Running Numbers; Springfield, Massachusetts on a Sunday Morning.

Amtrak train 145 with Memorial Bridge.

Most Amtrak trains working the line between New Haven, Connecticut and Springfield, Massachusetts consist of two-car push-pull shuttle sets with a GE P42 at one end and a former Budd Metroliner cab car at the other. The exceptions include the daily Washington-St. Albans Vermonter and some weekend services.

On the morning of June 22, 2014, Amtrak P42 150 leading train 145 on the former New Haven Railroad at Springfield, Massachusetts passes below Memorial Bridge.
On the morning of June 22, 2014, Amtrak P42 150 leading train 145 on the former New Haven Railroad at Springfield, Massachusetts passes below Memorial Bridge. Exposed with a Canon EOS 7D fitted with a 200mm lens.
On the morning of June 22, 2014, Amtrak P42 150 leading train 145 on the former New Haven Railroad at Springfield, Massachusetts. Memorial Bridge spans the Connecticut River between Springfield and West Springfield. Exposed with a Lumix LX-7.
On the morning of June 22, 2014, Amtrak P42 150 leading train 145 on the former New Haven Railroad at Springfield, Massachusetts. Memorial Bridge spans the Connecticut River between Springfield and West Springfield. Exposed with a Lumix LX-7.

Train 145 is a relatively new service that runs Sunday only from Springfield to Lynchburg, Virginia. Photographically, it offers an opportunity to feature a P42 leading a relatively long train in nice morning light on the former New Haven line south of Springfield.

Lets talk about hardware and software for a minute. What?Why?

I mention this because I’ve found in my years of writing about railways, a majority of people have never considered the significance of train numbers versus equipment numbers.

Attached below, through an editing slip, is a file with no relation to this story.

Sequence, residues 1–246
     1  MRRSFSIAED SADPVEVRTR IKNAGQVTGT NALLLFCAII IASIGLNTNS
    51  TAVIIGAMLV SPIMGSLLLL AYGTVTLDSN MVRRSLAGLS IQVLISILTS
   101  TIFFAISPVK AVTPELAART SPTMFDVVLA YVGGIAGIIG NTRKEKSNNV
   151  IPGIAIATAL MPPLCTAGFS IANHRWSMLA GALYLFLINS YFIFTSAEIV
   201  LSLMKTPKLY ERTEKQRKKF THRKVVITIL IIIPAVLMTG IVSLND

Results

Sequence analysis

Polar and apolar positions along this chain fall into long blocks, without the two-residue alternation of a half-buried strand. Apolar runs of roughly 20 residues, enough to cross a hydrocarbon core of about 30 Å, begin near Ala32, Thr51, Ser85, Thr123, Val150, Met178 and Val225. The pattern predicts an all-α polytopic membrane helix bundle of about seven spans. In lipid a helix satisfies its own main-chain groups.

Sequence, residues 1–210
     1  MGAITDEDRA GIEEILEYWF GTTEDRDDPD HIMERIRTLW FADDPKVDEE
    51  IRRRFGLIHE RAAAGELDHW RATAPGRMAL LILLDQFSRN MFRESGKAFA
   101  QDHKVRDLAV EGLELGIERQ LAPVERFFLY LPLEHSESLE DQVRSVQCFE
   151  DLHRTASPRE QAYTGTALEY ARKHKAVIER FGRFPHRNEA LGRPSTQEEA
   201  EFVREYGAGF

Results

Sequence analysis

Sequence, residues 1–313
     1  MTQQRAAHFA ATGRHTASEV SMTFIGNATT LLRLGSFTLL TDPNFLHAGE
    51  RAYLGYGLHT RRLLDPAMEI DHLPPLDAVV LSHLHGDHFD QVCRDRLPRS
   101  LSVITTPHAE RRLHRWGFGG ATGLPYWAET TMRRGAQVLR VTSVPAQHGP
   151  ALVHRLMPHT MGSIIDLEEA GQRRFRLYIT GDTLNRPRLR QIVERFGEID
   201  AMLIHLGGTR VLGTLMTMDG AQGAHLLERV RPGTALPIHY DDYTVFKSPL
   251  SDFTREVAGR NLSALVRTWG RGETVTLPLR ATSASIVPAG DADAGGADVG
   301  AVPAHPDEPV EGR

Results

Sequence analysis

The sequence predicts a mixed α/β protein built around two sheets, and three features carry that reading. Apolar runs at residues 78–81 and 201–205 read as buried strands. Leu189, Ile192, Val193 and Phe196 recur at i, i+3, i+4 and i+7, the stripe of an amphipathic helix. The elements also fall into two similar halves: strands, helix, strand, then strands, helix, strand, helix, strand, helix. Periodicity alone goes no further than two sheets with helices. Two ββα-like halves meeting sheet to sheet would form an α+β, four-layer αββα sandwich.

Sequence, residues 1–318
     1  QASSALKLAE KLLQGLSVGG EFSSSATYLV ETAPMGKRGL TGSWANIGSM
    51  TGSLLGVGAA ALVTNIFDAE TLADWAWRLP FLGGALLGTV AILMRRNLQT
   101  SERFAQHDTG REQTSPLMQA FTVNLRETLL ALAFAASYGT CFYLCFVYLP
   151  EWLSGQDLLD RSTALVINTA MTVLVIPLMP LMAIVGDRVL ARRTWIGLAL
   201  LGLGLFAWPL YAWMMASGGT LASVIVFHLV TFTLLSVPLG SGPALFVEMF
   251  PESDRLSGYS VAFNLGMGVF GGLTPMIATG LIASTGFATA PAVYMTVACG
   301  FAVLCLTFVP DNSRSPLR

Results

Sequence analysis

This may seem pedantic, but it is an important distinction.

A train is a service, while locomotives, passenger cars and multiple units are equipment. Take these photos for example: we have Amtrak P42 number 150, leading train 145. The locomotive number solely specifically identifies that individual piece of hardware; while the train number identifies the service.

Locomotive 150 only operated on train 145 as far as New Haven, where was replaced by an electric for the run to Washington (there another diesel took over for remainder of the trip to Lynchburg). Interestingly, later in the day I caught engine 150 again, this time leading train 54, the northward Vermonter.

I’m glad I’ve cleared up any misconceptions!’

As an aside, a few weeks ago I was at Penn-Station aboard Amtrak train number 94. On the opposite platform was an Acela Express HST (high speed train). Both were destined for Boston. Some passengers were rather confused as to which train to board. To help clarify matters, an Amtrak employee made this announcement:

“THIS IS TRAIN Ninety Four! If you ARE NOT ON TRAIN NINETY FOUR, GET OFF TRAIN NINETY FOUR!”

Train 145, Springfield.
Train 145, Springfield.

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